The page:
23rd March 2022
If you’re looking for ways to make your Medicine application stand out, one option is to complete an Extended Project Qualification (EPQ). Although EPQ UCAS points may not make a big difference to your application, it’s a valuable experience which you can discuss in your Personal Statement and at interviews. Here are some of the important skills and qualities that an EPQ can help you demonstrate in your application to Med School.

Dedication to Medicine

An EPQ involves doing research around a topic of your choice, writing an essay about your findings and delivering a presentation. When you’re thinking about EPQ ideas as an aspiring medic, it makes sense that you may want to choose a topic linked to Medicine.

To decide on your topic, you could consider some NHS hot topics, science hot topics, or topics in medical ethics that you would be interested in exploring further. Try not to choose something too scientific or too niche, because you risk making the project more difficult and less enjoyable than it should be! Completing a Medicine EPQ will demonstrate that you have a genuine interest in Medicine and are committed to pursuing it at university and as a career.


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Of course, it isn’t essential to focus on just Medicine EPQ ideas! You’re welcome to choose a completely different research topic for your project, as long as you can justify it, and it could be just as beneficial to your application. After all, Med Schools are looking for students who are well-rounded individuals and have other interests outside of Medicine too.


At university, Med students are expected to do a lot of independent work to keep on top of their studies. For some people, this is a big leap from A-Levels and it can be hard to adapt at first. If you’ve completed an EPQ, this shows that you are a keen, self-motivated student with experience of independent study. In some ways, doing an EPQ gives you a taste of the responsibility that you’ll have to take on at university.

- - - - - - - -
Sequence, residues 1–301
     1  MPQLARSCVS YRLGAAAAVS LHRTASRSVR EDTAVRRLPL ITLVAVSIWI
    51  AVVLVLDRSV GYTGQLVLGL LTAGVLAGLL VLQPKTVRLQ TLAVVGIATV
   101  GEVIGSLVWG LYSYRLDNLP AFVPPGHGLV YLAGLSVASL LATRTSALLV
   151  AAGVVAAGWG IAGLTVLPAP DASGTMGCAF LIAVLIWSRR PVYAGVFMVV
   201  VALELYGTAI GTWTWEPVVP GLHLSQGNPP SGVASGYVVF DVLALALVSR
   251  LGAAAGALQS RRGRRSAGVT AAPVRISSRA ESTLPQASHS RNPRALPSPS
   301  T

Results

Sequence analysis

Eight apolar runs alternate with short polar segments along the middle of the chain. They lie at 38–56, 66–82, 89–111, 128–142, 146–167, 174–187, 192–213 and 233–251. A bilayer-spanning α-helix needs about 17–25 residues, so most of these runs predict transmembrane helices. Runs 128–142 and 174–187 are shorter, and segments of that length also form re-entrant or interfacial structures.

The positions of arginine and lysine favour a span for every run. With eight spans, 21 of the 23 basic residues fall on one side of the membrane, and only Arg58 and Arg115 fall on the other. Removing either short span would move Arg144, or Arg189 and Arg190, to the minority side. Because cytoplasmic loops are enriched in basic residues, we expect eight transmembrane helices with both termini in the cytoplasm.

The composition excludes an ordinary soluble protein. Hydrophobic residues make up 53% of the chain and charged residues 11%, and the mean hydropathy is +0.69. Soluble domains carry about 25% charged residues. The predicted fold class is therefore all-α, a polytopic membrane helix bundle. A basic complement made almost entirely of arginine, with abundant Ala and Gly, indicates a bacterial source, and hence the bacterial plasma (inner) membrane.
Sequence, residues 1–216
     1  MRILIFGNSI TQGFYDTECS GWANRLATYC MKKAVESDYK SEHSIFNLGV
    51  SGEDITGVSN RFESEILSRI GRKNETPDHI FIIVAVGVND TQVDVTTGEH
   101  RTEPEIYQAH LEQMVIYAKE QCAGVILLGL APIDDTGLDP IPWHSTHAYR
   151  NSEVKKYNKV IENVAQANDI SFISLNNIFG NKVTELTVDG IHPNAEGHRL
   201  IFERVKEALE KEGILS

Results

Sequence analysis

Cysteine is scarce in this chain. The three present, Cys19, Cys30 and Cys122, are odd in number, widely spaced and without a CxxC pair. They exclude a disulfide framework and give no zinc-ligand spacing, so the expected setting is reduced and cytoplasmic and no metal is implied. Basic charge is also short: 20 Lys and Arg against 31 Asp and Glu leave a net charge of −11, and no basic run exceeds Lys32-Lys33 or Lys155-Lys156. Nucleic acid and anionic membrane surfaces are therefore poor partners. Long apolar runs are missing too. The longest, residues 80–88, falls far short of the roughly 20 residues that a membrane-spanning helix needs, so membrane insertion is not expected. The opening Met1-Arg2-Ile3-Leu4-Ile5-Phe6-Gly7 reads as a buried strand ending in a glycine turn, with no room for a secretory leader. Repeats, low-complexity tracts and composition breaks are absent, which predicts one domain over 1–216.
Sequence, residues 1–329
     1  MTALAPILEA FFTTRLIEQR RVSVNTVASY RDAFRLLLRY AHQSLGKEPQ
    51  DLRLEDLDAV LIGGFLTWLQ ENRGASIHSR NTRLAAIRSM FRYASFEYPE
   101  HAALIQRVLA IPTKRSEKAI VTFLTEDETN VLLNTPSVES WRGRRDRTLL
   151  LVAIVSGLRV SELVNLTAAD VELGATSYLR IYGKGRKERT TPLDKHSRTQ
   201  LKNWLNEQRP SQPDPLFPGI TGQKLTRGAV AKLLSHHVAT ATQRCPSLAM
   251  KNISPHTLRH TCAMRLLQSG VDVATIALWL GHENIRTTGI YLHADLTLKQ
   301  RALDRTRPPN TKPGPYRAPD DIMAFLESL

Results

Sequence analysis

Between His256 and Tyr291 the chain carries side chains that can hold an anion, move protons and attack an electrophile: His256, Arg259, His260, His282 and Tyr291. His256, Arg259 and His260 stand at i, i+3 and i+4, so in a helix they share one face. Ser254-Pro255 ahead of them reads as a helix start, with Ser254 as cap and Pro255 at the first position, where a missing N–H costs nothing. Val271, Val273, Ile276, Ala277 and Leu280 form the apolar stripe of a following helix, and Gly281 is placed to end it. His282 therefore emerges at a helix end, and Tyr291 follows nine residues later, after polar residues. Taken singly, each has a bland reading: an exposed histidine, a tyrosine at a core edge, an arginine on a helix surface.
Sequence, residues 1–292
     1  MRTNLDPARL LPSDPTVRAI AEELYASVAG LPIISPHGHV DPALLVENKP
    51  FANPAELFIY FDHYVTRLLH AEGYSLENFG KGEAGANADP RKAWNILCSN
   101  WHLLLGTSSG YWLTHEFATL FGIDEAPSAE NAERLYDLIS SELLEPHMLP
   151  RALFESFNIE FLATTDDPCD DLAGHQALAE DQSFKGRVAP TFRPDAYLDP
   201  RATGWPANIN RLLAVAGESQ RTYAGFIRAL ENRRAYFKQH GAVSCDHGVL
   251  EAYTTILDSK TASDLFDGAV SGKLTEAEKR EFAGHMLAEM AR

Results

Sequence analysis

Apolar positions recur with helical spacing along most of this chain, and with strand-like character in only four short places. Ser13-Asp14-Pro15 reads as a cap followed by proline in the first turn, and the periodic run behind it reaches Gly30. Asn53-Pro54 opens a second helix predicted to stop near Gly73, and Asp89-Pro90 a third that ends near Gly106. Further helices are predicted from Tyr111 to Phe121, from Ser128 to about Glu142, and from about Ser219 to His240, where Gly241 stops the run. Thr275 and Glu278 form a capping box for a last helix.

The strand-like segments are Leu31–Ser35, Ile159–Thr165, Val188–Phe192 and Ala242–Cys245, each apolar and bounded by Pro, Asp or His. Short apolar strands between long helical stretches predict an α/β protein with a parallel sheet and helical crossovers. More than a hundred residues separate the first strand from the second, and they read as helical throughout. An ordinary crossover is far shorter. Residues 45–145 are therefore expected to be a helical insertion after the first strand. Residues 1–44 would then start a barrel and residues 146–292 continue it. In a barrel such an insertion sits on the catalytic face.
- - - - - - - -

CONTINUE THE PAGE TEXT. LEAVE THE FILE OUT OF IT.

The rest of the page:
Writing and research skills

You’ll be expected to write plenty of essays at Med School – and an EPQ will help you to develop and demonstrate your writing skills. This could be particularly useful if you’re doing mostly science A-Levels, where essays are less common than in arts and humanities subjects. Another way you could hone and show off your essay writing skills is to enter school essay competitions for aspiring medics. Doing an EPQ will also enable you to develop your research skills, which are vital for studying Medicine.

Time management

Good time management skills are essential for surviving Med School, because you’ll need to keep up with your studies while maintaining a healthy work-life balance to avoid burnout. Achieving an EPQ alongside your A-Levels is a solid demonstration of your time management skills, showing that you might be more equipped to deal with the demands of Med School than the average A-Level student. Before you decide to start an EPQ, it’s important to think about the time it will take and assess whether this is do-able for you.


Doctors need to have strong communication skills, so you’ll need to be confident and articulate at your Med School interviews. An EPQ culminates in a presentation – and this unique opportunity for public speaking will allow you to improve and demonstrate your communication skills. The presentation is typically delivered to a non-expert audience, so this will also prepare you for the experience of interacting with patients and explaining concepts in easy-to-understand terms.


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